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Teen’s book spotlights need for stuttering support

January 5, 2019

According to the Stuttering Foundation of America, more than 70 million people worldwide stutter, with an estimated 3 million-plus stutters in the United States. Stuttering, or stammering, is described as a communication disorder in which the flow of speech is broken by repetitions (li-li-like this), prolongations (lllllike this), or abnormal stoppages (no sound) of sounds and syllables. There may also be unusual facial and body movements associated with the effort to speak.

Saadiq Wicks, 17, has stuttered for as long as he’s been able to speak. His speech impediment has many challenges from being bullied to tolerating listeners impatience. In his quest to raise awareness about stuttering, at age 9 he founded “Lllet Me Finish,” a nonprofit dedicated to supporting young people who stutter. At age 13, Wicks teamed up with his mother, Kimberly Garvin, to pen the informative children’s book.

The engaging story of “ When Oliver Speaks (Indigo River Publishing; $12.95)” comes from the personal experiences Wicks recalls in his journey to accept the way he speaks without shame or embarrassment.

“The book is about a kid who stutters and what he has to go through as a kid who stutters,” explained Wicks in an interview with StutteringIsCool.com. “In the book, you see his challenges and how he overcomes them. When I was on a train going to New York I just randomly thought of it and then we just kind of wrote the base and the general idea of what we wanted to be in the book. I don’t know the full process; I just told my mom what I wanted and a couple of months later the text was done.”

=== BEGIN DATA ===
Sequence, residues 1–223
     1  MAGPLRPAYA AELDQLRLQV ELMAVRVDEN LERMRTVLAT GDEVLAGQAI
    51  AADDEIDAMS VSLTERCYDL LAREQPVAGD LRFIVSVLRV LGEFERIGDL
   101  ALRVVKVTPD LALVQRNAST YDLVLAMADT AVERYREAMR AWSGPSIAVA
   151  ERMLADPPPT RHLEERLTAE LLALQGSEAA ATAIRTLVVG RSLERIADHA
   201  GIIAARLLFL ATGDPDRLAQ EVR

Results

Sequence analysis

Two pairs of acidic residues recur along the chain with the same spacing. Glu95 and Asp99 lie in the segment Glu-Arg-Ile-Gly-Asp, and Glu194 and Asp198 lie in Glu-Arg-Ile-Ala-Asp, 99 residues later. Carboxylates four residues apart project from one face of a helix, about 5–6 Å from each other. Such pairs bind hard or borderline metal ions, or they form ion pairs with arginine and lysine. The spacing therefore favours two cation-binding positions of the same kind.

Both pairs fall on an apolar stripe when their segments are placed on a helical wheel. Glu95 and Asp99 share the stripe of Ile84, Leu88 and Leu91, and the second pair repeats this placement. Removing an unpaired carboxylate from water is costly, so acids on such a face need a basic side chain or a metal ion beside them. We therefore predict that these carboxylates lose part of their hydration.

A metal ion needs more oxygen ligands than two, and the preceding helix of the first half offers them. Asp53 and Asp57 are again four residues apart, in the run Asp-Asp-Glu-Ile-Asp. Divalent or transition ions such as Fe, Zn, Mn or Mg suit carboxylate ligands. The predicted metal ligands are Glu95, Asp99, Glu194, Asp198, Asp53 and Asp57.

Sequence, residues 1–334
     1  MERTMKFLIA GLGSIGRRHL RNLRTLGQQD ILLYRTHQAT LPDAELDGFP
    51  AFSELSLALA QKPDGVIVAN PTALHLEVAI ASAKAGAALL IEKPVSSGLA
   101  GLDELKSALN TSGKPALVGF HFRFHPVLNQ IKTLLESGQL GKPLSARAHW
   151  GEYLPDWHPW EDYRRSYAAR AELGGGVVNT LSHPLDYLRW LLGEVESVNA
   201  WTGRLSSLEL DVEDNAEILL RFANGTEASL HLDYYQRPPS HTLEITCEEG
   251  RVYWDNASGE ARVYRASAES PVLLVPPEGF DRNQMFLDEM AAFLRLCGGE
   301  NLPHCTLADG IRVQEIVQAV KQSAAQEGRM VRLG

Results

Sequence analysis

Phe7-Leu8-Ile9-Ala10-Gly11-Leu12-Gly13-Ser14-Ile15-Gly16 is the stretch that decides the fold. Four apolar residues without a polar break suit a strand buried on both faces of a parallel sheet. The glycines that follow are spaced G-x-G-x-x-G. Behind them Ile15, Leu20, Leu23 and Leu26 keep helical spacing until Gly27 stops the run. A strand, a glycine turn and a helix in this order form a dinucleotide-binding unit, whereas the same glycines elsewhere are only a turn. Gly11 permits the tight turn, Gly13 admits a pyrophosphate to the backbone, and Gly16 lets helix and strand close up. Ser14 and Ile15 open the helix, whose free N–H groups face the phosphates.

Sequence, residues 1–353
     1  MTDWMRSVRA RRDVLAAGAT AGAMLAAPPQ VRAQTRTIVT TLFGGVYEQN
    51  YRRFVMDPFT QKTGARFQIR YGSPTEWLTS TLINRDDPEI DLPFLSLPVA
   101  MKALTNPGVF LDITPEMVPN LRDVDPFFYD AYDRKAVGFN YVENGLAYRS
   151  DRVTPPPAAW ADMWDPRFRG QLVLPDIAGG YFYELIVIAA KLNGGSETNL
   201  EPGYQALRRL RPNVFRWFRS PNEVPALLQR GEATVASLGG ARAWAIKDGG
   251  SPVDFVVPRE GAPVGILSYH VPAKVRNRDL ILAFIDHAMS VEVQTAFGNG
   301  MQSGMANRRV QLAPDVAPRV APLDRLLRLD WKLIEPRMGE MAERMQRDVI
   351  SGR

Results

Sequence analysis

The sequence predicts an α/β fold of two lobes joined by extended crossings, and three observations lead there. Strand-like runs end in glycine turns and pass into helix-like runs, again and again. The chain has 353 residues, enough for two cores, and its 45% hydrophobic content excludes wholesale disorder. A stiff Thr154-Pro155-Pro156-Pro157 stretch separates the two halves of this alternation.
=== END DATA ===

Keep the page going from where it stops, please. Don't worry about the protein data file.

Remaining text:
Garvin, a former stutterer, explained that stuttering occurs when a combination of factors comes together and often affects boys more than girls.

“Saddiq has always been this kid who has these really big ideas,” Garvin said. “We were going back and forth to New York for SAY (The Stuttering Association for the Young) and during the train ride, he leaned over and said, ‘I want to write a book.’ I asked why and he said, ’When I was growing up I didn’t have a book and that would have helped me feel more supported ... I literally wrote down his ideas in the notes section of my phone.”

The heartfelt story that Wicks tells has drawn accolades from fellow stutterers, their families and educators, including poet Nikki Giovanni who wrote it’s “a story that needs to be shared.”

The authors of “When Oliver Speaks” will be among the featured participants of the 27th Annual African American Children’s Book Fair held at the Community College of Philadelphia on Feb. 2, 2019. for more information, visit theafricanamericanchildrensbookproject.org.

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